And then imagine that Instagram would use this to define a 'value' for each post and each channel based on how many people rank them as making them feel better and how many said it made them feel worse ... and then use that for ranking (on an individual level).
Would this work?
I don't know. Again, we need more data. But personally, I think this could be a very interesting thing to do. I think it would get rid of some of the worst content and make it easier for Instagram to identify bad content overall. I also think it would help Instagram be even more brand safe, and it would probably even help Instagram increase their DAUs (Daily Active Users).
But here is the thing, in the example above I use H&M, and they are a great brand with a very good focus on diversity, so most of its posts would probably rank very high.
Now let's look at the news. For instance, let's look at the Wall Street Journal which has spent the past two weeks telling Instagram to stop making people feel bad.
Here is one of their recent posts:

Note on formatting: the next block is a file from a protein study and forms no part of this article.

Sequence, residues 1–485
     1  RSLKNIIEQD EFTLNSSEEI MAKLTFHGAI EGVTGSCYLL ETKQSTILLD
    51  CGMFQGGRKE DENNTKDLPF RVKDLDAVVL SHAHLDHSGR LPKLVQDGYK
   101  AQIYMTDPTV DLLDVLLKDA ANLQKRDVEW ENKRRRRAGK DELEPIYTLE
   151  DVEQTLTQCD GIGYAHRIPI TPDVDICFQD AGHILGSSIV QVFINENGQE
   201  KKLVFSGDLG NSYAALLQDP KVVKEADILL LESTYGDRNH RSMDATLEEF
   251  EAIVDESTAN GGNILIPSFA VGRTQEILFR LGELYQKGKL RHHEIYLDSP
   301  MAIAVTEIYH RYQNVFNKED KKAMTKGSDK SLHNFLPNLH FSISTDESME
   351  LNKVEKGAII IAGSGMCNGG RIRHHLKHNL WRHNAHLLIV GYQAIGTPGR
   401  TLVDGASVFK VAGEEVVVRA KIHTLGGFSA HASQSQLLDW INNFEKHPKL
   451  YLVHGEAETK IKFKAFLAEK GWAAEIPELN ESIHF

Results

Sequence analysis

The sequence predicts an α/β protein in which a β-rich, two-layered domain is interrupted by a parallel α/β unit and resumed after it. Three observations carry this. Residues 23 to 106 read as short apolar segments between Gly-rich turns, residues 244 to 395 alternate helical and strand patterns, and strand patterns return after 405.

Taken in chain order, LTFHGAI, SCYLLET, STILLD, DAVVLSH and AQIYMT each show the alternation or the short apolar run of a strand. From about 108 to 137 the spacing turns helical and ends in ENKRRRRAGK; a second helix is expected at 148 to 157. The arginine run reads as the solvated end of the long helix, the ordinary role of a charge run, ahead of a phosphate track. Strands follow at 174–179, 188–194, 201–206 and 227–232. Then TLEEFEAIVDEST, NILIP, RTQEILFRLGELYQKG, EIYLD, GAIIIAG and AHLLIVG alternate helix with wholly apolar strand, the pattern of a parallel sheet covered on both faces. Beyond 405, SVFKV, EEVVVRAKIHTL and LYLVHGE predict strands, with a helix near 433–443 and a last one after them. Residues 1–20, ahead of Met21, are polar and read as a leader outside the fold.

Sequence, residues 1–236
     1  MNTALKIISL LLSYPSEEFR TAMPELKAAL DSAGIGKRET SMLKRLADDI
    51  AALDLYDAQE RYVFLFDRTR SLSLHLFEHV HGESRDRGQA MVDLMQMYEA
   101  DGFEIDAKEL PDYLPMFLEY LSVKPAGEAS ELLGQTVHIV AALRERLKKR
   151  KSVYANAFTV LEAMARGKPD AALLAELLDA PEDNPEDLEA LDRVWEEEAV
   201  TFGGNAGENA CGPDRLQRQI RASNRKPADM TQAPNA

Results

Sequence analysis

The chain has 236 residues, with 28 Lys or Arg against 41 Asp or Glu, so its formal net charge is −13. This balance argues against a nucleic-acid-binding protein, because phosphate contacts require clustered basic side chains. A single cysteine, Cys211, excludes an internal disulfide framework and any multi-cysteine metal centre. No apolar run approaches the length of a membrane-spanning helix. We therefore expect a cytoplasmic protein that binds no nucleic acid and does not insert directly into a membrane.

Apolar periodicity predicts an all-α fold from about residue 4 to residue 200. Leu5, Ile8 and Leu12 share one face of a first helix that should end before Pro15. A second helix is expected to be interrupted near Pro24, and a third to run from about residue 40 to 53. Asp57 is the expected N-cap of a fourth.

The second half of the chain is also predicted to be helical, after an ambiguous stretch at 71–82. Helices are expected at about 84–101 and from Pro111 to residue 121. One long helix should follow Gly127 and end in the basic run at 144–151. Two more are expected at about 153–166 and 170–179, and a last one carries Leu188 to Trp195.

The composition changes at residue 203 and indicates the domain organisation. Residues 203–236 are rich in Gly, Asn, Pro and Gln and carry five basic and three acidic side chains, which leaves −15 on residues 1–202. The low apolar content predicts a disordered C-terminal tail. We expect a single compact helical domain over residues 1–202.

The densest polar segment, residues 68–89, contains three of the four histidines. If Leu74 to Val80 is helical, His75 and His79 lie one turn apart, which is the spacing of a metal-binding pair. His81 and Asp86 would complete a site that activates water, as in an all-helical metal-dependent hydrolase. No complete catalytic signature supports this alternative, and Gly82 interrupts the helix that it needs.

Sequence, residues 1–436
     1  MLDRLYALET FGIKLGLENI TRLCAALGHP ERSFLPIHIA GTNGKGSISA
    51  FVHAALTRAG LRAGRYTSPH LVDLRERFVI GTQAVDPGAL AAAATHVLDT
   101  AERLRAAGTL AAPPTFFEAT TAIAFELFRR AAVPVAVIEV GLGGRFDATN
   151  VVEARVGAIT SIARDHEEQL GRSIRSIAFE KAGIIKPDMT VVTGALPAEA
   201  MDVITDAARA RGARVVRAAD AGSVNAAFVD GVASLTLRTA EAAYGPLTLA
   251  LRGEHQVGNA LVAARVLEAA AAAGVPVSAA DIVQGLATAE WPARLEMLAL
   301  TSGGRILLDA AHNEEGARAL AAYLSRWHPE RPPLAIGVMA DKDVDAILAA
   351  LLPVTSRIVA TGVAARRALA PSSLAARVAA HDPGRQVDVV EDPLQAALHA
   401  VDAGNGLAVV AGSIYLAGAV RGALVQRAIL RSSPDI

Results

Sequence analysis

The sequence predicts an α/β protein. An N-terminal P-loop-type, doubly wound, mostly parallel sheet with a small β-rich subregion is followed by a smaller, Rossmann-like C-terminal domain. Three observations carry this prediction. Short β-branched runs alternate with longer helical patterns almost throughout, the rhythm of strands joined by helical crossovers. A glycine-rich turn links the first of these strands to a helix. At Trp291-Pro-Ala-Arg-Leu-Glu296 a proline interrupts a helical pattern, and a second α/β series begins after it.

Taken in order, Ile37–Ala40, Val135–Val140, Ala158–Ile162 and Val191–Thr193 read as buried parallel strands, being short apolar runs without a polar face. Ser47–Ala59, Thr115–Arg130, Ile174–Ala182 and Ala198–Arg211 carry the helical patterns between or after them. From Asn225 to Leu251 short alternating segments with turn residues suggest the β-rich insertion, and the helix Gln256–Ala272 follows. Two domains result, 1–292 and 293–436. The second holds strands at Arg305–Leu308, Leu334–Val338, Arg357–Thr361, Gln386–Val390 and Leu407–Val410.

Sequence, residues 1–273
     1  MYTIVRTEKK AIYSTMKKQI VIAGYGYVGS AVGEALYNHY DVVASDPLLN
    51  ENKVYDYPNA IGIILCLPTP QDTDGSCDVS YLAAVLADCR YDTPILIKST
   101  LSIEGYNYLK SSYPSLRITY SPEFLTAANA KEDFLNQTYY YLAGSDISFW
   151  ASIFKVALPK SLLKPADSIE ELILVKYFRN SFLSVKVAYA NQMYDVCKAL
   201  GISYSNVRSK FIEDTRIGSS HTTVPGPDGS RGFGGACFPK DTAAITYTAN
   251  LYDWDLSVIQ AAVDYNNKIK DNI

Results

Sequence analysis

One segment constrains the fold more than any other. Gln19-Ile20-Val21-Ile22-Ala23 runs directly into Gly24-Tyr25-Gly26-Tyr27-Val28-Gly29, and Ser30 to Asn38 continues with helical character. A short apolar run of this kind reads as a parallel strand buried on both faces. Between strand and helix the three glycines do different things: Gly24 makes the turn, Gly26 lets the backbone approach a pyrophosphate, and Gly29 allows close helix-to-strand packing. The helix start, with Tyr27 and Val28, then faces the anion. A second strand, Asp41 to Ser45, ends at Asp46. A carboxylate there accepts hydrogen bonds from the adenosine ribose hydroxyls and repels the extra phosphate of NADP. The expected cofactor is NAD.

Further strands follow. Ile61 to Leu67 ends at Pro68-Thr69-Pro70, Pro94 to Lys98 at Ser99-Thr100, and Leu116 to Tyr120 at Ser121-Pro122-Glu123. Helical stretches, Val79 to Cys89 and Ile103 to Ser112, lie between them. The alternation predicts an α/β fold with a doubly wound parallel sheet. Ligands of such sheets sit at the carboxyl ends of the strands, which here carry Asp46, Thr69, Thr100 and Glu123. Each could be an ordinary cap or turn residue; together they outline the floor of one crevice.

Sure, this might be an important news story, but imagine what would happen if people were asked whether this post made them feel better or worse?
We all know the answer to this. Newspapers like the WSJ would rank incredibly low, and Instagram would have to de-rank them in order to keep people feeling well.
So now we just went full circle and we are right back to where we started, and how news is causing people to have mental health problems.
Personally, I do think Instagram should do this. But, I'm pretty sure that if they tried, the media industry would go bananas and demand to be exempt from these changes so that they could continue to bring news on Instagram the way they have always done.
My point is that the reporting I have seen over the past two weeks has been misleading in terms of helping the public understand how traditional/social media impacts their mental health.
We all want Facebook, Instagram and other tech companies to do better, but this story is much bigger than them, and includes outside factors that make this whole thing many times more complicated. And, as publishers, we have our own problems, and contribute to this in a really big way.
If we, as journalists, truly care about this topic, we need to cover this in an entirely different way.
BTW: Don't forget to read my latest Plus article: Publishers need to get news of Facebook.
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Founder, media analyst, author, and publisher. Follow on Twitter
"Thomas Baekdal is one of Scandinavia's most sought-after experts in the digitization of media companies. He has made himself known for his analysis of how digitization has changed the way we consume media."